3. These clearly use hair from National Fiber Technology, leading some to believe they were built for Revenge of the Sith. However, Chewie wears the same Wookiee feet as all of the other Wookiees in all photos of the ROTS suit.
    4. They appear to be in great shape, and have only appeared in photos of the suit used in the Star Wars In Concert tour, leading many to believe they are newly constructed for the various archive tours and are not a screen used piece.
    5. If they are from the original trilogy, then they would have to be from Return of the Jedi, since NFT did not exist until 1979.
    6. The shoes are laced up the front like tennis shoes. The hair snaps around them and continues all the way up to the tops of the ankles.
    7. There are five black/dark grey claws. They are curved against the shape of the foot, and do not stick out like most monster feet.
    Revenge of the Sith
    1. The flesh color is medium gray with dark gray/black claws.
    2. The shoes appear to be pull on shoes with no laces and no hair on them.
    3. There are rows of buttons or snaps on the top and sides of the feet. These are probably used to attach the bottom of the costume to the shoes. Most likely the suit has enough hair fabric to cover the entire foot.
    4. The front of the foot is covered with a sculpted and cast rubber set of toes. The flesh is grey and the five toes are ambidextrous (the left and right feet are identical, not mirror images of each other). This means they only had to sculpt one foot and cast two for each pair of shoes, rather than sculpt a separate set of toes for each foot.
    5. The toes are very distinct and have claws that protrude pretty far out from the toes.

    Materials & Construction

    Do-It-Yourself Platform Shoes

    For shoes use a pair of sandals. Get sandals with three straps; one over the toes, one over the top of the ankle, and one behind the back of the ankle. When packed away, these take up less space than shoes. They are also more comfortable during warm weather. Thick socks can be worn during cold weather.

    Get high-density EPS (extruded polystyrene) foam insulation. This can be found at Home Depot, Lowe's, and other home improvement stores. It comes in 2” wide boards that are either pink or blue. Contractor supply houses may have it even wider.

    SAFETY NOTE: Be sure to wear a respirator mask and work in a well-ventilated area when working with EPS foam. The fumes are not good for you and the powder you will create when carving and sanding foam should not be inhaled.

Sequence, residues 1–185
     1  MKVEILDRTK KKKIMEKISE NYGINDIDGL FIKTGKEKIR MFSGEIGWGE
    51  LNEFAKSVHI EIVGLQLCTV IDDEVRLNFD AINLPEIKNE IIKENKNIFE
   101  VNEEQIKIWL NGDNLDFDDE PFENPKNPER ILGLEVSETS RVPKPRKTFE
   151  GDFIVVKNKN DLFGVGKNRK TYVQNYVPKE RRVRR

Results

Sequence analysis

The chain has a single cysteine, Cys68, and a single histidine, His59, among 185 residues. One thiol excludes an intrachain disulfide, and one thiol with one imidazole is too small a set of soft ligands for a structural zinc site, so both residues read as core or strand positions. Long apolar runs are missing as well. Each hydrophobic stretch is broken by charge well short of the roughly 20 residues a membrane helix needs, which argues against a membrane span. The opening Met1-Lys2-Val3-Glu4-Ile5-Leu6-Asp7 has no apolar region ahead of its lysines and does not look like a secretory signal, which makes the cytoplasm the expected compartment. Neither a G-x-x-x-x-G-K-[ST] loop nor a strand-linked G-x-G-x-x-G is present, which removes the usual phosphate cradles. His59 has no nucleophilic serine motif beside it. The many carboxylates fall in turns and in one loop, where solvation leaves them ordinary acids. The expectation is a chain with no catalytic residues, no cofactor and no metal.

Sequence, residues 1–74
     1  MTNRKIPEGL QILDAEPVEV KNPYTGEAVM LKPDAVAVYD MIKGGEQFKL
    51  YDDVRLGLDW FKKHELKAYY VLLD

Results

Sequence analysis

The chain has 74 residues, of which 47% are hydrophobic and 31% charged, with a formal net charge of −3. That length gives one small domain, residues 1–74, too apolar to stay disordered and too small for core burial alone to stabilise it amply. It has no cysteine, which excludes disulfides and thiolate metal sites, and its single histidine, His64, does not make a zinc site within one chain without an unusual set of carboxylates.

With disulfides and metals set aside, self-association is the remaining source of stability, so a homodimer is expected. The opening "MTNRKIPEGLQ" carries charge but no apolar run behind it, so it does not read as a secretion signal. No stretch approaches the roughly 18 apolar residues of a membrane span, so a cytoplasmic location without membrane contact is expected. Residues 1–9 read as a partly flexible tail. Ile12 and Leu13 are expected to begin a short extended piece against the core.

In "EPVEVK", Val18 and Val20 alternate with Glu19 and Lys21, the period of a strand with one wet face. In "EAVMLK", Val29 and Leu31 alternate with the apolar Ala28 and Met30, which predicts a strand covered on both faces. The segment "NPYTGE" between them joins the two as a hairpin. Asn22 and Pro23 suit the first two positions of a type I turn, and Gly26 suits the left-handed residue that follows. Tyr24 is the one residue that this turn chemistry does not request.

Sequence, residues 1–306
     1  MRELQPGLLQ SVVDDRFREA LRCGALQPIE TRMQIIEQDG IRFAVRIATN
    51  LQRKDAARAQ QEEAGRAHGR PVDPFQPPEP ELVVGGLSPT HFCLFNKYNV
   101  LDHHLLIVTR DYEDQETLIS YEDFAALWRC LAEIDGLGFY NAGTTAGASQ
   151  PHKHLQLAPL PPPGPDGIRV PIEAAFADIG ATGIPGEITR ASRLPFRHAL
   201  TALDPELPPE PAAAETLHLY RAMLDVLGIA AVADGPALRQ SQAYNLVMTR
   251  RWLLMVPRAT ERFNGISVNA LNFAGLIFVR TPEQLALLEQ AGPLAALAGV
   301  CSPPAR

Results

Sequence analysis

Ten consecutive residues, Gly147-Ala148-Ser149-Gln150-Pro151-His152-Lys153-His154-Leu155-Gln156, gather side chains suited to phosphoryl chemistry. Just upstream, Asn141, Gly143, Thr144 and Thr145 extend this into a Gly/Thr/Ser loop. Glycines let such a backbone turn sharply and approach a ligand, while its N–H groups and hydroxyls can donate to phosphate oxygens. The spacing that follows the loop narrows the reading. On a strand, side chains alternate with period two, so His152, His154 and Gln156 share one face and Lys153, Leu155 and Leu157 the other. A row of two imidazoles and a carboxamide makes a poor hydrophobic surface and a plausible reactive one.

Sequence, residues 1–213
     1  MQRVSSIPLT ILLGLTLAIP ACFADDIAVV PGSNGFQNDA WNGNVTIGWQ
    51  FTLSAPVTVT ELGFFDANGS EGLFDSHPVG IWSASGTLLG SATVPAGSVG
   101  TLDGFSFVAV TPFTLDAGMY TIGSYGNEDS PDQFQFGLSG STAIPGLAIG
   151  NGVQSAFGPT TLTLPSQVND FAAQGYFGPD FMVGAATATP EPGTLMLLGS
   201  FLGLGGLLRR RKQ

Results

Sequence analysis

Carving and Building Your Feet

    TO DO: Scan and upload foot pattern.

    Use the above pattern to carve your feet, but modify the top surface so that it conforms to the contours of your shoes or sandals. If using 2” foam you will want to use three pieces for each foot. Most platform shoes have a “Frankenstein Foot” problem when used for costumes. To avoid this, make sure your shoes or sandals are mounted at an angle that follows the natural slop of the foot, i.e. the heel should be higher up than the toes are, similar to women’s high heel shoes.

    For my platforms I used Foam Fusion to glue the three layers of foam together. This can be purchased from Hot Wire Foam Factory.  Duck and a number of others have used hot glue. Bear in mind that hot glue will melt the foam to some extent. Whatever adhesive you decide to use be wary of any solvents they may be present and do a test. Many glues often contain slow acting solvents that will dissolve EPS foam over the course of several hours, days, or even months. Avoid glues that require exposure to air in order to dry, as they will not cure.

    I used high-temp hot glue to attach my sandals to the platforms. Be sure to fill in any and all gaps between your shoes/sandals and the foam feet.

    Once all of the glue has cured, you will need to carve them into proper feet. I carved the basic shapes with my hotwire foam cutter and 4” Drywall Saw, but most of the rounding and fine shaping was done with a Rasp/File combo. For final detail work  and smoothing, use sand paper and an electric mouse sander. To remove excess powder, I used duct tape.